The importance of passing the school levy


By Mike Barhorst - Contributing columnist



When local voters go to the polls November 6, we are going to be asked to renew for 10 years the 9.23 mill emergency property tax levy. The levy originally passed in November 2009 and was renewed in May 2014.

The levy is a renewal. As a result, it will not result in new or additional taxes.

This renewal levy maintains local funding of $4,417,364 for the general operation of the district. In order to maintain student programs, educational services, instruction and support at current levels, the levy simply must be renewed!

I am supporting the levy, and will share some reasons why. When I was first elected to City Council in 1977, Sidney had the highest per capita unemployment rate of any city in Ohio. When I left office 12 years later, Sidney had the lowest unemployment rate per capita of any city in Ohio. The turnaround was a remarkable achievement, sparked by a great deal of hard work on the part of a number of individuals.

As I would meet with company officials who were visiting Sidney — sometimes for their initial visit, I quickly learned the importance they placed on quality education. One of the first three questions I was always asked concerned the quality of education that would be available to the families of the respective company’s employees if they chose to locate in Sidney.

Because of my unique role as both a civic leader and a Catholic school principal, the questions were sometimes very specific in nature. Fortunately, I had a good working relationship with Sidney City Schools Superintendent Roger McGee. I also knew a number of his teachers well (in fact, I was fortunate to be able to hire a few of them when they retired from public education.)

As a result, I was able to answer the questions company officials asked with honesty and candor, something the company executives appreciated. Although we didn’t “land” every company that came to visit, we were able to attract a good mix of businesses — most of which are still in Sidney today.

Passing the levy will enable the school to maintain a quality staff. Hiring and retaining quality teachers is essential for the future of the community; teachers want to teach where there is a sense of financial security and where they know their efforts are appreciated. Quality staff are better able to prepare students for a future we all know will be rapidly changing; it is estimated that today’s students will change careers (some of which have yet to be identified) at least three times — not jobs, but careers.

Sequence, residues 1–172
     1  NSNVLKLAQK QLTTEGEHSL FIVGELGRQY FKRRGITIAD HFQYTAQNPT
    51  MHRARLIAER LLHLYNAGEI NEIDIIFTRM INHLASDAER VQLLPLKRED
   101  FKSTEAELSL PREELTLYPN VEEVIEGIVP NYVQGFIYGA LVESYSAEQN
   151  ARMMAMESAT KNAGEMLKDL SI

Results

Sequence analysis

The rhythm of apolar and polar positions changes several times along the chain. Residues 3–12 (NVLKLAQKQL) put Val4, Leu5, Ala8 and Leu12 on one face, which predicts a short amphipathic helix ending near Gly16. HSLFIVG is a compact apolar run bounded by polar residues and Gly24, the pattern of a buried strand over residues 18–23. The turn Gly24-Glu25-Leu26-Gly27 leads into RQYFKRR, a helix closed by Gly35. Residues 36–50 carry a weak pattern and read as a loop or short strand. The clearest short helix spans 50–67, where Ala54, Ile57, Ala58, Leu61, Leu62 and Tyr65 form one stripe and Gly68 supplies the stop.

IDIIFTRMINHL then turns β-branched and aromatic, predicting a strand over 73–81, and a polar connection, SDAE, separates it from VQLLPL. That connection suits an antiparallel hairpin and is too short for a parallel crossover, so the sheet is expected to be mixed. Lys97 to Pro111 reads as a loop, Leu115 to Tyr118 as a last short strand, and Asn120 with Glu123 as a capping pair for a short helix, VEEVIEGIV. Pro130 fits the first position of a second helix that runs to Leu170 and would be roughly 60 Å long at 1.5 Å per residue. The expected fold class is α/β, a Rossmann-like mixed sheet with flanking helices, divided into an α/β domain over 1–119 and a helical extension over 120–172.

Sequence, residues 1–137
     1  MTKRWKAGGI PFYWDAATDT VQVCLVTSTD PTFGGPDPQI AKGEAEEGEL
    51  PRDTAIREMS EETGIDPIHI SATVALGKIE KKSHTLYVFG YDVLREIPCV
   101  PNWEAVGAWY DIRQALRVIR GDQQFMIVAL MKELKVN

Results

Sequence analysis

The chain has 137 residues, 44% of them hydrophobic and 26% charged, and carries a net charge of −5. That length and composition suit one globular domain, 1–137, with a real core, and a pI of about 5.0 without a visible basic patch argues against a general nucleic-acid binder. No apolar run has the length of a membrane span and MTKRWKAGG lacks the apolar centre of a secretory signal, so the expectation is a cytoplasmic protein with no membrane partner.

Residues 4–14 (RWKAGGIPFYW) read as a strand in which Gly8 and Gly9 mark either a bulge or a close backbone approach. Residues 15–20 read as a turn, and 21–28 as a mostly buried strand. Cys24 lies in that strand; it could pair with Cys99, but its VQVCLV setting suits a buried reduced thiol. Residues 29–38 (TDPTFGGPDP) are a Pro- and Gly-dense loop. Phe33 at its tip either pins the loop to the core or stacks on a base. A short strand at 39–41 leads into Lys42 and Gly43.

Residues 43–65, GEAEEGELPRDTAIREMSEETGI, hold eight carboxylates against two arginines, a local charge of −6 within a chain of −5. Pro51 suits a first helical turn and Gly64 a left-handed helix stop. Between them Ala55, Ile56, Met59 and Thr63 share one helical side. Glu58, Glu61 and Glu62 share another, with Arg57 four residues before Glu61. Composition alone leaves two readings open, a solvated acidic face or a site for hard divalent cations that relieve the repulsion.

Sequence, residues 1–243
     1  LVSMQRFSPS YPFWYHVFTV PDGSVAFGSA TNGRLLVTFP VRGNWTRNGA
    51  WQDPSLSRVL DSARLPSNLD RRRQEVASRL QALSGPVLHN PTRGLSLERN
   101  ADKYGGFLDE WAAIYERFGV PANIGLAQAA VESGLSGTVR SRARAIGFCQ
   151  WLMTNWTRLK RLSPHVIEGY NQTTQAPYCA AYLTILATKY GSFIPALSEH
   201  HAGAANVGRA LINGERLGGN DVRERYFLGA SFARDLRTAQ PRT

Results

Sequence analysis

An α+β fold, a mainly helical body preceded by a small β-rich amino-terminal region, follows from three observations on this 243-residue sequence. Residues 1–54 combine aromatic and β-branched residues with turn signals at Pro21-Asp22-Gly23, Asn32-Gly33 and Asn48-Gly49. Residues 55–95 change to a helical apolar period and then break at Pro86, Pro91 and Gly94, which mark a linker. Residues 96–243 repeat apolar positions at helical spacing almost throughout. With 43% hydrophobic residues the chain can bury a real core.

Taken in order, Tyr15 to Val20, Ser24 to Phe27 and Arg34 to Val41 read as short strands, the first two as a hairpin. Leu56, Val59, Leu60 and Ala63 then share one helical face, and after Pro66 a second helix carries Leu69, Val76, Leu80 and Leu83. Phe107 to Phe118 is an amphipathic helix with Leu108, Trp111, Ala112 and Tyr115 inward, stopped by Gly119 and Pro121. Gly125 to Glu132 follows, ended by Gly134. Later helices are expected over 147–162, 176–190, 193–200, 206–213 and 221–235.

The levy will allow the facilities to continue to be updated — something increasing important in a system with aging buildings. Sidney Alternative School is 97 years old. Emerson, Longfellow and Whittier have been serving students for 68 years. Northwood is 61 years old. Sidney High School is 58 years old. Sidney’s newest building — Sidney Middle School — was constructed in 2004. The average age of the buildings is 62 — retirement age for over half the people in the United States.

In addition to promoting economic development, good schools help to increase property values. People want to live in districts that have strong schools, and choose not to live in communities that do not. Some of the highest property values in a surrounding community can be found in Oakwood, a community that consistently earns high grades on the state report card. Their citizens also pay some of the highest real estate taxes because they understanding the correlation between taxes and strong schools.

For most homeowners, our home is the largest single investment we will ever make. Maintaining the value of that investment makes sense. Saving $300 a year (the approximate tax for a home valued at $100,000) and having the value of your home diminish $1,000 a year is simply being “penny wise and pound foolish.” A vote for the levy helps protect your investment in your property.

Having great schools enhances community pride, and demonstrates that Sidney believes in investing in its future. It also demonstrates to students that the community believes that they are worth the investment.

Finally, strong schools enable school administrators not only the ability to retain strong teachers, but the ability to attract the best talent. As an administrator, I was always frustrated when I interviewed an outstanding applicant only to have them choose to sign a contract with another district where they could earn more money.

In short, the proceeds of the levy will continue to support the operations of the district. The funds generated will be used for general operating expenses such as supplies, materials, repairs, staffing needs, and capital improvements. It will help the district maintain the excellent programs that are already in place. The dollars will help the district continue to focus on academic excellence.

Great communities deserve great schools. Sidney is a great community. For all the reasons I’ve mentioned, let’s demonstrate to those who are watching that we understand the importance of strong schools and overwhelmingly support the renewal of the 9.23 mill emergency property tax levy

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By Mike Barhorst

Contributing columnist

The writer is the mayor of Sidney.

The writer is the mayor of Sidney.